The Caterer - How To Mitigate Inflation and Supply Issues

In spite of the challenging financial climate, there are several key tips and tricks that businesses are able to implement to effectively mitigate inflation and supply issues says Thibault Lecat.

Cost optimisation has never felt so significant, with global supply issues, the Ukraine War, and the lingering effects of the pandemic all taking their toll. The latest ONS report shows inflation has reached 9.1% and will rise to 11% by the autumn, bringing further cause for concern. These challenges are not just short term ‘bumps in the road’, they are likely to persist well into the coming years and their mitigations need to become fundamental parts of a company’s future set-up. So what can a hospitality company do to navigate these choppy waters? We propose five ways in which you can respond to today’s challenges.


The savings once found in international supply chains are no longer there, prompting many businesses to buy local. This option is great for the planet and mitigates your exposure to geopolitical events, however, food is a unique commodity and cannot be produced everywhere. For groceries that can’t be cultivated in UK, ensure your supply chain is not reliant on only one producer but instead comes from dual or multiple sources and countries to mitigate the risk of shortfalls.

Be precise with your forecasting

In times of scarcity precise forecasts of what supplies you need and when will reinforce the ties between you and your supplier and help you to get what you desire. Precise forecasting facilitates the supplier’s own planning and therefore, if there are not enough supplies, suppliers will prioritise those clients with clear and binding agreements.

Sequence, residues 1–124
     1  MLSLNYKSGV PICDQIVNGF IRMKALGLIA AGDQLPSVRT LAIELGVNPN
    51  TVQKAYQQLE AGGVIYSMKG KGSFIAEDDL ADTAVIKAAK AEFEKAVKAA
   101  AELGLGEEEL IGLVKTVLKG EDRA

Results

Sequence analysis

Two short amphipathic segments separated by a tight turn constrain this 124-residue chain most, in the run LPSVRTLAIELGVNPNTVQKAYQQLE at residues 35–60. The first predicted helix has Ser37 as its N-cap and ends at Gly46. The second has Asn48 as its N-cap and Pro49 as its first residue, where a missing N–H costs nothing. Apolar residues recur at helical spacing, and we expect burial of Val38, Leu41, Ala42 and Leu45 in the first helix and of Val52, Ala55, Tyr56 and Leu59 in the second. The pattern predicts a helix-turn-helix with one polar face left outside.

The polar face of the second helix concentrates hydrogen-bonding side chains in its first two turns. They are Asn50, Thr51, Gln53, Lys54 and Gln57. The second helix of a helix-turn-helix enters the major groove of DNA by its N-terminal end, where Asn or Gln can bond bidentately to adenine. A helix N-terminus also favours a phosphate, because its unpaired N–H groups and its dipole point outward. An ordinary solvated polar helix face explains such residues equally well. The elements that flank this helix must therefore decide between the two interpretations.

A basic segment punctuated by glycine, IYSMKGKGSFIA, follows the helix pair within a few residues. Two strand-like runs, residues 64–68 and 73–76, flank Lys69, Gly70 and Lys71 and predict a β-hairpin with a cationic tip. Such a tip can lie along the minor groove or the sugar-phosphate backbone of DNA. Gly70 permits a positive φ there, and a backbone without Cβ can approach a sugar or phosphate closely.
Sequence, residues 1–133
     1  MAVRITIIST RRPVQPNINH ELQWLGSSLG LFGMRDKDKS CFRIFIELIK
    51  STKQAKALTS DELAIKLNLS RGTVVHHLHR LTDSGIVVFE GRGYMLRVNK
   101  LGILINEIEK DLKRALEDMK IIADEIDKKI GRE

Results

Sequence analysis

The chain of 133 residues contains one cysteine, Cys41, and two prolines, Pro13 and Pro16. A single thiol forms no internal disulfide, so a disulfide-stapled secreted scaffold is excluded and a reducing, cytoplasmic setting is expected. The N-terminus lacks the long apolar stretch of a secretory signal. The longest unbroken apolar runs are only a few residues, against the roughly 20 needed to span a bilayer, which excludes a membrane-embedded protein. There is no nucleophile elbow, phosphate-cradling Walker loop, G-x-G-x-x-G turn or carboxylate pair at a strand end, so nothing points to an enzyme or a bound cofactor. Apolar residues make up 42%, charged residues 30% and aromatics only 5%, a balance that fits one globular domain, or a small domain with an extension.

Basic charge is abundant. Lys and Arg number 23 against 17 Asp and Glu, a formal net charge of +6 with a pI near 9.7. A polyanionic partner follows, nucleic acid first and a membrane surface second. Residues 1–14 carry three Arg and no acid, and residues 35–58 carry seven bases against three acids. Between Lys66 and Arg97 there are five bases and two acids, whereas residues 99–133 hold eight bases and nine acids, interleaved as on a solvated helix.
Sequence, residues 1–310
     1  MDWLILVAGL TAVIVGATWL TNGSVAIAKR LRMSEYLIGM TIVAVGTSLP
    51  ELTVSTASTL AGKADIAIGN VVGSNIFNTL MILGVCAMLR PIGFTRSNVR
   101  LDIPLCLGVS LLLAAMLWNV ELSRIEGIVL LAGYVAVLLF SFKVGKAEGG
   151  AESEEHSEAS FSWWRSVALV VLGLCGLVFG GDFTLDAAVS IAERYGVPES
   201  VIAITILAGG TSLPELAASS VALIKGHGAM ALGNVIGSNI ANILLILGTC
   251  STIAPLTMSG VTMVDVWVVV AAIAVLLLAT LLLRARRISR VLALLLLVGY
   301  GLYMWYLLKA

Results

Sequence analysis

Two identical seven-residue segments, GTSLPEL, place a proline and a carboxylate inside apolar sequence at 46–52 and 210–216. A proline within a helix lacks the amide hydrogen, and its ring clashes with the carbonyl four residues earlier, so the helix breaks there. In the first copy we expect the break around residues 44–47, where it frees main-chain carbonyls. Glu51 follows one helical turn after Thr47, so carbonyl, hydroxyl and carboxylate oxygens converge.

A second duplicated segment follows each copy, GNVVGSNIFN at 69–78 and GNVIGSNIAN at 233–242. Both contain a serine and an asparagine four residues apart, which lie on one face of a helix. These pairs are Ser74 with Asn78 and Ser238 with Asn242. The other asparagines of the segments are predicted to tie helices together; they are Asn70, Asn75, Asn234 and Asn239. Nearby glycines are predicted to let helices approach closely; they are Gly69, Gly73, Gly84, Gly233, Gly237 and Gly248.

Make friends with your suppliers

Foster a stronger relationship with key suppliers by signing longer contracts and working more closely together. Ensuring a good relationship with your vendors will enable transparency on internal issues that might impact you. By working in partnership, you can solve problems together and search for better solutions as a team. Furthermore, building trust and loyalty works to prevent unnecessary price rises and supply disruption, which is crucial in the current climate.

Re-examine and refine your offer to consumers

Audit the products and materials you provide to consumers and, during that process, identify and move away from the categories at the highest risk from inflation or supply disruption. Questioning fundamentals, such as the materials used to build the product and the subsequent changes that can be made can produce immediate cost reductions. By identifying the items that fall into the categories of high and low profitability and popularity, you will be able to amend and refine where necessary to reduce losses and exposure to volatilities.

Be Bionic!

It’s imperative to use digital technology within your procurement process or run the risk of being left behind by competitors. Furthermore, software-based risk management processes to monitor supply chain risks will help you to continue to operate and serve clients even under the current challenging supply chain conditions.
There is no silver bullet to mitigate for inflation and supply shortages but being proactive is key – the last two years have demonstrated how slow reaction times can have catastrophic results. While one crisis might curtail, the next one might be just around the corner so forecast where possible and map out your supply chain in detail in anticipation to remain capable of delivery while others aren’t.

Thibault Lecat is a Managing Director in London and Regional Leader for Western Europe at international procurement and supply chain management consultancy INVERTO (, a part of the Boston Consulting Group.

The piece was first published by The Caterer here: